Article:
• GOD: He takes the first sin away with a sheep, partridge and mole
  • THEODOROS: Second sin. Although I was a slave of the gods at Nonos,
    I had sex with Ariagne, the monaulia (virgin priestess).[6]
  • GOD: He takes away with a piglet and tuna.
  • THEODOROS: Third sin. I had sex with Arethusa, the monaulia.
  • GOD: He takes aways with a chicken, sparrow, pigeon,
    a kypros[7] of barley and wheat, a chamber-pot (prochos) of wine,
    a kypros of clean wheat for the priests, one prochos.
  • THEODOROS: I ask for Zeus's help (verbatim I have Zeus intercessor, paraclete)
  • ZEUS: Look! I have blinded him for his sins. But since he has appeased the gods
    and written down his sins on this stele, he takes salvation.
    Asked by the senate,[8] I am merciful because my stele was erected on the day I appointed.
    You may open the jail, I set the convict free, a year and ten months passing.

According to George Petzl, a trial of sacred theatre did take place in the sanctuary; Theodoros was convicted and jailed. Zeus was impersonated by a priest. According to Ender Varinlioglu, phylake (jail) is used metaphorically. Blindness was the jail or punishment upon Theodoros in order to be saved from his licentious sexual activities.[9]

Soterchos of Motella (Phrygia, 3rd century AD)Edit

Koine Greek original text[10] Translation

Αὐρήλιος Σωτήρχος Δημοστράτου Μοτεληνός
κολάθιν ἑπὸ τοῦ θεοῦ· παραγέλων πᾶσι
μηδὲ ἄναγον ἀναβῆτε πὶ τὸ χωρίον
ἐπροκήσι[11] ἢ κηνσετε τὸν ὄρχις[12]·
ἐγὼ Γέα ἐκηνησάμην[13] ἐπὶ τὸ χωρίον.

Aurelios Soterchos son of Demostratos from Motella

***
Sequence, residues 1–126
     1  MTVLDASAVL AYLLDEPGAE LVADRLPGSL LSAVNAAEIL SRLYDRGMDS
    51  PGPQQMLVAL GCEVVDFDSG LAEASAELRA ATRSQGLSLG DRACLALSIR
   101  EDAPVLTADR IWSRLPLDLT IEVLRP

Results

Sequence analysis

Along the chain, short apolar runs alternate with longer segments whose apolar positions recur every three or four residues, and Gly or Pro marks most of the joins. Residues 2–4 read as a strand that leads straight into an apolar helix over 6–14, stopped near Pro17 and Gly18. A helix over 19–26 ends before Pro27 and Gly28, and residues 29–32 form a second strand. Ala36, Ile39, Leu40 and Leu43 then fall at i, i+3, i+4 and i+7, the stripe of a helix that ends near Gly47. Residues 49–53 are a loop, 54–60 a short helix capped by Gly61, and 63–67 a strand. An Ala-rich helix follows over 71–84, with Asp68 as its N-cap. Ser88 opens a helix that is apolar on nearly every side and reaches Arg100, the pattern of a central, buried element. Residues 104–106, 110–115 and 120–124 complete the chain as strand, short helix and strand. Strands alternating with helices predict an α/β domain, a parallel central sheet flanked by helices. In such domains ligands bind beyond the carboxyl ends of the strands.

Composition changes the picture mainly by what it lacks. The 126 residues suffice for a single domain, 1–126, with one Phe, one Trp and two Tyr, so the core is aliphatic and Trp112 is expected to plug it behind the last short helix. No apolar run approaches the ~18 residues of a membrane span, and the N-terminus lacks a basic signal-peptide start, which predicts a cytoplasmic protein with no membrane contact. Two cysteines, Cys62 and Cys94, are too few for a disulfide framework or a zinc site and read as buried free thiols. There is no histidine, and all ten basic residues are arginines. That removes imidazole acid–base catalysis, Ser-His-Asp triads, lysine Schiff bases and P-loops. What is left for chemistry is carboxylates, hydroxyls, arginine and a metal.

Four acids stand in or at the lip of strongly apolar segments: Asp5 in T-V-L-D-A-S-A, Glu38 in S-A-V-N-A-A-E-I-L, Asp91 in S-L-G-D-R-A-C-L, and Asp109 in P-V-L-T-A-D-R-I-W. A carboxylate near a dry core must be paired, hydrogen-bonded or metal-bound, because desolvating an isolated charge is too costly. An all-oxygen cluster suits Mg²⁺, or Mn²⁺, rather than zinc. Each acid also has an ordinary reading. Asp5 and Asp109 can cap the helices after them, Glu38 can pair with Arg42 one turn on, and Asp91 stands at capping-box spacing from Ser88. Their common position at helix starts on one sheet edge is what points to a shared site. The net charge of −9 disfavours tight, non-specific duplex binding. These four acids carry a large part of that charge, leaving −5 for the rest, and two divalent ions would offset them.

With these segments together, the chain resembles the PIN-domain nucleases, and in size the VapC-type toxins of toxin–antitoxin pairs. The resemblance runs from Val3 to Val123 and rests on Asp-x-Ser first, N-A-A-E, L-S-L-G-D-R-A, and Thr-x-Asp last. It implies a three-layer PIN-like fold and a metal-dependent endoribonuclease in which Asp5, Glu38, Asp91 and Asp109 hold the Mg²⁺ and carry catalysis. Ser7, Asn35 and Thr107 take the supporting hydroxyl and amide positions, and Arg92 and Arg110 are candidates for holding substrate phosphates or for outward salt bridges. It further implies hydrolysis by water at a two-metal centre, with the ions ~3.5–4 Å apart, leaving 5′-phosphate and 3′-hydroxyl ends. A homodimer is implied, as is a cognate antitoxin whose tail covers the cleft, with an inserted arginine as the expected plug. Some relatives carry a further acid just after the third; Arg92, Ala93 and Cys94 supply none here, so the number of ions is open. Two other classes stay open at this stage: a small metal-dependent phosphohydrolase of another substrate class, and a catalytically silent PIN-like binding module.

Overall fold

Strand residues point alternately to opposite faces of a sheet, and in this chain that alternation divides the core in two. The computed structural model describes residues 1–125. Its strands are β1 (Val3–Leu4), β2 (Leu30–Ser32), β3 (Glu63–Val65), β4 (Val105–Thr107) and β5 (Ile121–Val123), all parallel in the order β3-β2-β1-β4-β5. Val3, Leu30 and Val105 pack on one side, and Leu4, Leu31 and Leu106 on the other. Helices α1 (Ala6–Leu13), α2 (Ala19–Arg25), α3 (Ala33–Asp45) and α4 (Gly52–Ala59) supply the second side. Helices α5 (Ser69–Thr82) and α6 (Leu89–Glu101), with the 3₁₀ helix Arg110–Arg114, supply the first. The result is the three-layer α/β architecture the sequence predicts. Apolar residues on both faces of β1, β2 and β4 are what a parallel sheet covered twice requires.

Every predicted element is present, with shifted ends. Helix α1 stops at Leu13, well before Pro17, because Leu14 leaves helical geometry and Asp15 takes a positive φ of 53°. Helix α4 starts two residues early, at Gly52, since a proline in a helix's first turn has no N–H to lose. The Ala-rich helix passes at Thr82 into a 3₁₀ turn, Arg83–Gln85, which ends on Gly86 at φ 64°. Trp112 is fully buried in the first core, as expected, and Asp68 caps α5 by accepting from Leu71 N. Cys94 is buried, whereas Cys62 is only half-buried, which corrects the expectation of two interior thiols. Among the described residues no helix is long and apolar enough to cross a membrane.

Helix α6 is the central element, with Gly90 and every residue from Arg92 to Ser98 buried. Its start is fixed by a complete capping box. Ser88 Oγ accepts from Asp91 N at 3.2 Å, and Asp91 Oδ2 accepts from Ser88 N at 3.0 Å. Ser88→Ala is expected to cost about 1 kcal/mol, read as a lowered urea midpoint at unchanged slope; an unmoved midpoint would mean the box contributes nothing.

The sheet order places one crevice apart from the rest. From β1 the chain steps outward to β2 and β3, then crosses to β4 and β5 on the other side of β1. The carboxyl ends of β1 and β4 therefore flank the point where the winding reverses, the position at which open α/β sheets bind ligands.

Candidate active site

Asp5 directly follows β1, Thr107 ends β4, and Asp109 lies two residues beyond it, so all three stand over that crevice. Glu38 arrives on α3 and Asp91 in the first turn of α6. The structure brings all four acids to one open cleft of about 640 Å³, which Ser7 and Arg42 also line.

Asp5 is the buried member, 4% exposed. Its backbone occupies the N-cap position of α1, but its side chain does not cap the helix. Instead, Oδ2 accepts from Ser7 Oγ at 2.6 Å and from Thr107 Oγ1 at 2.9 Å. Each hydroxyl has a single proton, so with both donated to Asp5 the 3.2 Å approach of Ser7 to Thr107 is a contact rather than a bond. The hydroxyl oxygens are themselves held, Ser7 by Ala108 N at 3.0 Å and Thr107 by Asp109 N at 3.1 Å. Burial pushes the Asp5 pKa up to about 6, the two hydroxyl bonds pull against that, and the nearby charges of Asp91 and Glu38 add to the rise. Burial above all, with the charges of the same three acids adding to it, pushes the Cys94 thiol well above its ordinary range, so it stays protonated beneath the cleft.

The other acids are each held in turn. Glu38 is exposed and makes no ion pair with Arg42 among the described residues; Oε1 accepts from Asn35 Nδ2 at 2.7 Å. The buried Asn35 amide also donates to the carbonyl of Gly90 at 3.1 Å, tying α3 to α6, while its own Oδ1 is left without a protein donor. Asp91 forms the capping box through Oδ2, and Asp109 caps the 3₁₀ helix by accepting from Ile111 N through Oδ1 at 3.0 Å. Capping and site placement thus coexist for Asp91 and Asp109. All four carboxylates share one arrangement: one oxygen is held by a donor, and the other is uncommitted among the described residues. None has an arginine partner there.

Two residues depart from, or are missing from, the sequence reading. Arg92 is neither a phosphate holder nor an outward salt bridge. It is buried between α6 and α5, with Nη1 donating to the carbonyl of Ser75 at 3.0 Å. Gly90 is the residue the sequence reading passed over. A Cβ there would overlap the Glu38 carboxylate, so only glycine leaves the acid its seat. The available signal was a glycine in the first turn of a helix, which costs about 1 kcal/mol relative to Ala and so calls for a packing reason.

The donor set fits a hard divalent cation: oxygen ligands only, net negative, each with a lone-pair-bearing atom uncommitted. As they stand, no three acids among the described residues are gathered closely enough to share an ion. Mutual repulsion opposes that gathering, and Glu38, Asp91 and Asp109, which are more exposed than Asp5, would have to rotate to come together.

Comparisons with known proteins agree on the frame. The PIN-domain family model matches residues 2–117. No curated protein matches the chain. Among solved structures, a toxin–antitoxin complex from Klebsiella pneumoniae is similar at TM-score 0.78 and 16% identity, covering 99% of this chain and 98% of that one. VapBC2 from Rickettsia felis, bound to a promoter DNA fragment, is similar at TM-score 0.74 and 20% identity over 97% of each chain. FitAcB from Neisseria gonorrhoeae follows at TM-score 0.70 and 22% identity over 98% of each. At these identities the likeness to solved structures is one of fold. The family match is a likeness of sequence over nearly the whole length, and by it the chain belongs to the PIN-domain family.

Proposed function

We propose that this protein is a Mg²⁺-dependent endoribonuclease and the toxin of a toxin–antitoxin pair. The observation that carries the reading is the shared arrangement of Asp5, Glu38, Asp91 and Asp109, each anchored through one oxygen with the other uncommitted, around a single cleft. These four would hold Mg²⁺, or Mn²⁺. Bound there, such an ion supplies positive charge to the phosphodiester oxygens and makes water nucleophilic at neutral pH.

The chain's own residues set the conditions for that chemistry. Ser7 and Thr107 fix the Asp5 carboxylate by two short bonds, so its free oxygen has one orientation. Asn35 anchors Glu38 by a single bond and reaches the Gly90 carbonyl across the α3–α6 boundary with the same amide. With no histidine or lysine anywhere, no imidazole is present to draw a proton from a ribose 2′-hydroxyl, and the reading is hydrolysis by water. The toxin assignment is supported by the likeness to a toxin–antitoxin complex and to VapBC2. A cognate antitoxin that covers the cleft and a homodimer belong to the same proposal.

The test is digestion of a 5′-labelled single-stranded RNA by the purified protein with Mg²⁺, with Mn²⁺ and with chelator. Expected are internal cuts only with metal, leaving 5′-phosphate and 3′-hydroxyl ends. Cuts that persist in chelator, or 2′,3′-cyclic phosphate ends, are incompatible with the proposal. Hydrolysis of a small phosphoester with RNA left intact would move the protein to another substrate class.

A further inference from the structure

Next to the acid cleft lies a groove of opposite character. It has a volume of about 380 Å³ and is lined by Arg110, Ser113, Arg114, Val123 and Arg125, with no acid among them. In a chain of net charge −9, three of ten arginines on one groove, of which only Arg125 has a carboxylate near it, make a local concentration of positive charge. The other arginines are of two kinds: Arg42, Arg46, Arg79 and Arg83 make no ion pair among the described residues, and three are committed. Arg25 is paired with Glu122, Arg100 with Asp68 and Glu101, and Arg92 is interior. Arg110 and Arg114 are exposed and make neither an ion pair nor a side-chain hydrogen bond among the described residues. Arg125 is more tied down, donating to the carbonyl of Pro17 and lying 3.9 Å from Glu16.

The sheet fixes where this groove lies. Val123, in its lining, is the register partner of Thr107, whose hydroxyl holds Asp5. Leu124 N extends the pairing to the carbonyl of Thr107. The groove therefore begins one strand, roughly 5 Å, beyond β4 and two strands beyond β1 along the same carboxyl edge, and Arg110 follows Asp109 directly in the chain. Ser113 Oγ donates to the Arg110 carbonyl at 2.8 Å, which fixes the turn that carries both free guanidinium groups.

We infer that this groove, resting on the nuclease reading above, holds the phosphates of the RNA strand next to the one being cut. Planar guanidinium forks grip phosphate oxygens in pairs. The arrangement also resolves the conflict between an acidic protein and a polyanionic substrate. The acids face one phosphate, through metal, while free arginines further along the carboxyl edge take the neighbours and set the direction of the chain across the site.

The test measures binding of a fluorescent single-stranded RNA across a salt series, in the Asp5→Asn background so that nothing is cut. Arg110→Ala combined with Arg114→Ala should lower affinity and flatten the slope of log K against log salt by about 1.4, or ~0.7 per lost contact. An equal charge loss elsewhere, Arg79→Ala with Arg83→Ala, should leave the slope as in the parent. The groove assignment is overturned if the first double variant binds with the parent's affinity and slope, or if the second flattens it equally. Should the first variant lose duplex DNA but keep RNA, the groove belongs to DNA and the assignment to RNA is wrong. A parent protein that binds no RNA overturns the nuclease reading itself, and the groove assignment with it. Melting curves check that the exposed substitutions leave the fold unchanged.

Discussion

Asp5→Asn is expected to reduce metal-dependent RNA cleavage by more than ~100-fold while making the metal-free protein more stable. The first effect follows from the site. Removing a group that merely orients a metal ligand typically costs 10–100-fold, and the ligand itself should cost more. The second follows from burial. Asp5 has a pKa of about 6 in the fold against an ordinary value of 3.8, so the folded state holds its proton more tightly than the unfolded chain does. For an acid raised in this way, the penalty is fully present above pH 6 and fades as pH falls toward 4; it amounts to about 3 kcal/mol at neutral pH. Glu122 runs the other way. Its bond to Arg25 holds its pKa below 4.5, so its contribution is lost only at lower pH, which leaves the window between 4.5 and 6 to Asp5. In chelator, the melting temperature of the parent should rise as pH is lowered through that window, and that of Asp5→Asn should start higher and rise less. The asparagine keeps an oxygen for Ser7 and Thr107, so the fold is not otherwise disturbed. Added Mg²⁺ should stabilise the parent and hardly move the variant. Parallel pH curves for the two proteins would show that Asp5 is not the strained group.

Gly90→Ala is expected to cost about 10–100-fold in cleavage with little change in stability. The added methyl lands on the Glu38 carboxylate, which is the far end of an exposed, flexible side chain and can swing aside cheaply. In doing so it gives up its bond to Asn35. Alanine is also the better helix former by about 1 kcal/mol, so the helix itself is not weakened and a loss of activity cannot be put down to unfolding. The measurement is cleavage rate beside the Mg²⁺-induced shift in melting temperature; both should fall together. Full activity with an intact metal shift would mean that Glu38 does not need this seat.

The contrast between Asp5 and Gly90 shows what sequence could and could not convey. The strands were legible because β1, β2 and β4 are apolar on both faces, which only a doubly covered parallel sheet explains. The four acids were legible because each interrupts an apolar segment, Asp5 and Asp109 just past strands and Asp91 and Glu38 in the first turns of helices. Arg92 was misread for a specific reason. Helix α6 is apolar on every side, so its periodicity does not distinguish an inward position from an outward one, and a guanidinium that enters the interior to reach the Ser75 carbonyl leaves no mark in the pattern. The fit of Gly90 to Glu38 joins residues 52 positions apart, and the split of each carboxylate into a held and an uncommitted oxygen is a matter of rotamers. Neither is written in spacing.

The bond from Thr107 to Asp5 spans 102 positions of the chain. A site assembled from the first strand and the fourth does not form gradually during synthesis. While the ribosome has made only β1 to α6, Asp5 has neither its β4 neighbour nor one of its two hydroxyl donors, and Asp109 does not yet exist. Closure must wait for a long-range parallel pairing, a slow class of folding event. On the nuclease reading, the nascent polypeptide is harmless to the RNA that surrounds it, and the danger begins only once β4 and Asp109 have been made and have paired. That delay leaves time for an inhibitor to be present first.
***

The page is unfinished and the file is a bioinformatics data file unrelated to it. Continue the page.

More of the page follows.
Because I was punished by the God, I send a message to all·
Do not enter the place[14] impure, after committing perjury or having sex.
I had sex with Gea (Gaia) inside the place.


  1. ^ Angels and Principalities: The Background, Meaning and Development of the Pauline Phrase hai archai kai hai exousiai A. Wesley Carr Page 56 ISBN 0-521-23429-8 (2005)
  2. ^ Deutungen des Todes Jesu im neuen Testament edited by Jörg Frey, Jens Schröter Page 292 ISBN 3-16-148581-5 (2007)
  3. ^ SEG 38:1237 Manisa Museum, fr. NE Lydia
  4. ^ Sullan chronology, since 85 BC.Other inscriptions have Actian chronology, 31 BC
  5. ^ (Koine Greek: pletorin from praetorium)
  6. ^ rather than just unmarried (or the flutist). See monaulia in LSJ, it means either solo on the flute Archived 2009-12-02 at the Wayback Machine or celibacy Archived 2009-12-02 at the Wayback Machine
  7. ^ a measure of corn, LSJ Archived 2009-12-02 at the Wayback Machine
  8. ^ In original, synkletos the Greek word for the Roman senate
  9. ^ The Greco-Roman East: politics, culture, society By Stephen Colvin Page 28 ISBN 0-521-82875-9 (2004)
  10. ^ MAMA 4 283 Dionysopolis: Bahadinlar
  11. ^ Attic epiorkos
  12. ^ orchis, 'testicle'
  13. ^ See kineô Archived 2009-12-02 at the Wayback Machine A.II.4 meaning
  14. ^ chôrion, place inside a sanctuary here, or a landed holy property

Further readingEdit

  • Hughes, Jessica. “Punishing Bodies: The Lydian and Phrygian ‘Propitiatory’ Stelai, Second–Third Centuries AD”. In: Votive Body Parts in Greek and Roman Religion. Cambridge Classical Studies. Cambridge: Cambridge University Press, 2017. pp. 151–86. doi:10.1017/9781316662403.005.

External linksEdit